Science Says Sexting Can Save Your Relationship
The Debrief: Sexting gets a bad rep but studies show it can actually be good for your relationship
When I was commissioned to write about the positive side of sexting I thought it only right that I go and research the subject. What can I say? I’m a pro. One 12-hour sext fest with a complete and utter stranger later and I was Googling ‘thumb strain’ and ‘penile chafing’. Yes. That’s a real thing. No. I didn’t really have it. But if I did… it would’ve totally been worth it.
Despite my obvious keenness, it’s fair to say that sexting has always had a bit of a bad rep. In 2012, an academic study concluded that sexting amongst adolescents was part of a number of risky sexual behaviours, including unprotected sex. This was followed by another study in 2014, in the Journal of Adolescent Health, that revealed sharing of sexual images was associated with multiple sexual partners – and drug taking.
Now – thank god – it’s the turn of the sex positive academics with a new study out of the US entitled Reframing Sexting as a Positive Relationship Behavior, which concluded that sexting is 'good for sexual satisfaction.' Conducted by the Drexel University’s doctoral student Emily Stasko and Professor Pamela Geller (who runs the Women’s Health Psychology Lab) the study surveyed 870 US nationals aged between 18-82 on the prevalence of sexting and their attitudes towards it.
Stasko and Geller defined sexting as: sexually suggestive photos, photos in lingerie or underwear, nude photos, sexually suggestive texts, explicit texts propositioning sexual activity. Also bear in mind that half of the sample was female, the study wasn’t adolescent-centric but rather adult focussed, and that the majority of the participants were white and heterosexual.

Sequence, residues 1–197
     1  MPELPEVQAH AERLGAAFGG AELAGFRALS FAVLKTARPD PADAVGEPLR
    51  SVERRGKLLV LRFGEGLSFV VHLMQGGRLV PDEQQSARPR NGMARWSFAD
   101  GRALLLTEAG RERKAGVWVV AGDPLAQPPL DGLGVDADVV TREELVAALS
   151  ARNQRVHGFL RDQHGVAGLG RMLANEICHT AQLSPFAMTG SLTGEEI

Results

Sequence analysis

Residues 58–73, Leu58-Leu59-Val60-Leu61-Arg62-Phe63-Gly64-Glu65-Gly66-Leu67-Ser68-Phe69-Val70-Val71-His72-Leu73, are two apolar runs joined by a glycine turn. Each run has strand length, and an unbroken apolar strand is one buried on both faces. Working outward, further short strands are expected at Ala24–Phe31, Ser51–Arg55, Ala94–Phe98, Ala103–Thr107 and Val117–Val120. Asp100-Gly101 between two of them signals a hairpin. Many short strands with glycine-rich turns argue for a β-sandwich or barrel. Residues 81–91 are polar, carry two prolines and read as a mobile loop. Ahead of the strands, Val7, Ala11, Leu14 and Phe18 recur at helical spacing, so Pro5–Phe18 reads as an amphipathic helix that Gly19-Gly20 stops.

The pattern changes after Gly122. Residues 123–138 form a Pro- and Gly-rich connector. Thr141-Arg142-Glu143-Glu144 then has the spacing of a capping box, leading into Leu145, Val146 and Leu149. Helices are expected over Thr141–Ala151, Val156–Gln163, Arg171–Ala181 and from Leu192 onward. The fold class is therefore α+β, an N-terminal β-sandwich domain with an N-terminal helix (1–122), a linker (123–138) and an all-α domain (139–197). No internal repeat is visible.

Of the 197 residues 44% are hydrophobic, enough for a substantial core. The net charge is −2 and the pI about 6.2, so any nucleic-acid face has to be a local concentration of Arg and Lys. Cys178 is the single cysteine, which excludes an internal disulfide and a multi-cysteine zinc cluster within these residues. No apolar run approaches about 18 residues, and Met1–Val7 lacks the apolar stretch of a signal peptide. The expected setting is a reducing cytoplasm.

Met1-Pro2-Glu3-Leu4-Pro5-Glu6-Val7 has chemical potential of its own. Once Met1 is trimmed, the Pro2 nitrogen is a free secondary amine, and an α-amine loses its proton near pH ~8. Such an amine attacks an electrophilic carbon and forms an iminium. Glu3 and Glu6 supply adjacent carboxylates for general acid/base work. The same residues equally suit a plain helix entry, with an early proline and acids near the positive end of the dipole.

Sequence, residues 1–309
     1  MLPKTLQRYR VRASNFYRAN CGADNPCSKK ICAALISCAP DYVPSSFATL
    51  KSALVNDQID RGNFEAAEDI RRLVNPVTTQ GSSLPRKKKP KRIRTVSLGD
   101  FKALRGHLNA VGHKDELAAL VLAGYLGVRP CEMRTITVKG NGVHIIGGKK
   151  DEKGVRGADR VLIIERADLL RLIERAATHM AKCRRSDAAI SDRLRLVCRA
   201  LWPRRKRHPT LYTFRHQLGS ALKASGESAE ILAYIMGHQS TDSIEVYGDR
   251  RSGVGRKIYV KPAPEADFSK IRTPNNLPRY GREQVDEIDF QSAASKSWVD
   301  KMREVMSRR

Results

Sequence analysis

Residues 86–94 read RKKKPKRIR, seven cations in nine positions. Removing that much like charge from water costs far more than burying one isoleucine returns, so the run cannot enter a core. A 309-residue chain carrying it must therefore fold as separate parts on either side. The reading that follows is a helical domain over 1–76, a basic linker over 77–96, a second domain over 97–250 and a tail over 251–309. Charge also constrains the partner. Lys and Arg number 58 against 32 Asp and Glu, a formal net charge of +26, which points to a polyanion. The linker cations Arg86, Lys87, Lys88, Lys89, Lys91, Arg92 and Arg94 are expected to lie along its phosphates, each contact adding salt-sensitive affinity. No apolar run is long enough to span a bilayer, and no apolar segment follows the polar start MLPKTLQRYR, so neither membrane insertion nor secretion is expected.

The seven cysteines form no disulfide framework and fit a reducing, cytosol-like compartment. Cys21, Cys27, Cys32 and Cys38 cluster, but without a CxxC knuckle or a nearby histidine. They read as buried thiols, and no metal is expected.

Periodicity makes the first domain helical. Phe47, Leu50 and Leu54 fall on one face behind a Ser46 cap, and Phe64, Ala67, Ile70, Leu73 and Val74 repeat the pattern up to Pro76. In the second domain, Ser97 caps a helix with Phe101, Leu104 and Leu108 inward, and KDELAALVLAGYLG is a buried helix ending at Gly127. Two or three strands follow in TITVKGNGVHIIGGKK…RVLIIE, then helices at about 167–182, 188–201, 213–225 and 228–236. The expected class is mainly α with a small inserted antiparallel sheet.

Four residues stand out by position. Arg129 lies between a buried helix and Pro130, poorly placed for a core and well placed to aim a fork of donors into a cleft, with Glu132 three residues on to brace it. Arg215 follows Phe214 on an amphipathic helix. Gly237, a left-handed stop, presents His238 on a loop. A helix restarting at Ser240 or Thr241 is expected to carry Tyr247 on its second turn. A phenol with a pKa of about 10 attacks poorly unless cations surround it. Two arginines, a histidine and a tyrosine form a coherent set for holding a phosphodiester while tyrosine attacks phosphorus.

Here are the main findings: 82% of the participants had sexted at some point in the last year; 75% of participants reported that the majority of sexting took place within a committed relationship; within those relationships, higher levels of sexting was associated with greater sexual satisfaction and relationship satisfaction; only participants who described their relationship as 'very committed' reported a negative impact because the sexting was 'unwanted'.
It’s worth noting that this was an online survey and we can therefore deduce that the majority of participants are tech-savvy.
That said, 82% is a pretty big figure and the findings do fly in the face of the notion that sexting is reserved for trigger-happy Tinderers with craft beer-breath and kebab hanging from their chin. Couples are doing it. Boom.
So how exactly is sexting good for your relationship?
'Sexting has received growing attention as a risky activity, associated with numerous other risk-taking behaviours,' Stasko stated when she presented the study at the American Psychological Association's 123rd Annual Convention in Toronto, Canada. 'This approach fails to account for the possible effects of open sexual communication with a partner.'
The study found that the majority of participants who reported sexting having a positive impact considered it a 'carefree' activity, not a 'moment of intimacy' suggesting that most people don’t take it as serious as some would have us believe. In other words, it’s fun.